Does Growing Interest in the New Right Indicate Trouble in US Diplomacy?

New Right conservatives, led by Sen. Rand Paul, have recently attracted a lot of attention in political circles. They support policies that are quite different from the political mainstream, such as maintaining stable relations with China and opposing the ban on TikTok. They advocate diplomatic non-interventionism, oppose globalism and any continued aid to Ukraine. Their positions are part of the backlash sparked by Washington’s geopolitical maneuvering, and these sober voices of reason are getting louder. What level of influence does the New Right hold over U.S. politics and diplomacy?

First, there is increasing clamor for a new diplomatic narrative, and clearheaded political figures are challenging the long-standing narratives of democracy and freedom, globalism and Americanization of the world. The U.S. has historically celebrated its isolationist policy, which spanned from the late 1790s to the late 1940s, for creating the conditions necessary to refine the free political system. Avoiding entanglement in European-style political quagmires helped. Then in the post-World War II world, the system was ready for export, and the U.S. began to offer a vision of permanent peace if the world would only Americanize, taking on the concepts and models of U.S. governance. The U.S. launched a global campaign to mold international rhetoric and sentiment, striving to indoctrinate the world so it would accept the American vision. This self-glamorizing narrative had a market during the post-Cold War unipolar moment. Currently, however, as chronic domestic and diplomatic issues are deepening, the instability, setbacks and failures are constantly on display for all to see. The U.S. diplomatic narrative is seriously divorced from reality, causing doubt around the world, and the New Right is making a commendable attempt at recalibration.

Second, while the global activity of the U.S. political elite is imperial in nature, the elite defines itself as peaceful cosmopolitans who stand against nationalism. In the last 70 years, U.S. diplomacy has wielded unparalleled power, compelling other countries to undergo significant changes. When countries engage in policies that conflict with U.S. interests, Washington criticizes them and appeals to international systems, rules and standards. Of course, the U.S. deliberately ignores that it itself violates those standards. The U.S. is usually reluctant to interpret its policies in terms of nationalism for fear of undermining the cosmopolitan credentials of its own diplomacy. However, the catastrophic results of U.S. imperial diplomacy and the deceitfulness of this “cosmopolitanism” are increasingly salient and met with hostility. Returning diplomacy to nationalism may be sobering for the U.S., as it realizes that it isn’t an exceptional country, and there is no longer any market for double standards. The New Right’s positions may be a powerful indicator of where U.S. identity is headed.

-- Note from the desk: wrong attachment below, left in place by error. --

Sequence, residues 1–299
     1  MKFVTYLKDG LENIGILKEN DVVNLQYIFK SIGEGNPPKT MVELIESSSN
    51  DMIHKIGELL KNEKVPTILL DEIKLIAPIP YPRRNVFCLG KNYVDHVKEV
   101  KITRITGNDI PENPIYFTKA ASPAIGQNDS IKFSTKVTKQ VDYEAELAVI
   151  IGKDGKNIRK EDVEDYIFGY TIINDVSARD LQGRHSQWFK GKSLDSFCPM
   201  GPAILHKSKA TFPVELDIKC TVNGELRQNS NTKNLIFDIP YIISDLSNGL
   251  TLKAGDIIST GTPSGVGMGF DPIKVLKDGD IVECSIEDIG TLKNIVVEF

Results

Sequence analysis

Third, Paul’s nationalism or “nativism” is deeply embedded in the historical soil of the U.S., and there is no shortage of domestic support. Since World War II, the U.S. has developed peacetime military alliances with European countries, and there has consistently been a robust counter-neo-isolationist movement. The New Right wants to focus policy on national sovereignty, improving the domestic system and tackling domestic problems. The New Right opposes large-scale foreign aid and international intervention, and they are especially disgusted with sending troops abroad with the energy of the Crusades. They often are America Firsters, who roughly include the likes of Sen. Robert A. Taft during World War II; President Richard Nixon, who promoted détente between the U.S. and the Soviet Union during the Cold War; Ross Perot, who ran as an independent presidential candidate in 1992; and Pat Buchanan, who was a senior advisor to three presidents and is still relatively active.

Realists advocating for self-restraint often find it challenging to wield significant influence on policy in an environment dominated by liberal ideology. Yet, the realists’ role is special and offers a beacon through the decaying mess that is U.S. diplomacy. The sudden increase in their influence is a harbinger of setbacks in U.S. diplomacy. The New Right is currently attracting attention, reflecting growing concerns about the dangers brought by current failings.

Finally, Paul’s views on China are relatively restrained, which will provide Washington with sobering material for introspection when it considers intensifying competition with China. The New Right is labeled as “populist,” but this brand of populism isn’t packaged with extreme political opportunists. They don’t manipulate the masses in elections, but instead offer pragmatic remedies to the issues angering society. They want to focus on developing the domestic economy and society and to strengthen national culture and identity. In this regard, stabilizing U.S.-China relations is more important and indispensable to the U.S. itself. There can be competition between China and the U.S. but not confrontation. The U.S. should not arrogantly or blindly deal with China, thus shackling future self-improvement. The New Right’s policy prescriptions are not unreasonable.

Overall, the New Right is quite different from the liberal miasma enshrouding the U.S. political elite. The New Right is showing a strong commitment to the concept of nationhood, and their calls for restraint and prudence in foreign affairs merit attention. However, it is yet to be seen how influential they will be.

The author is a professor at the Institute of International Relations, China Foreign Affairs University.

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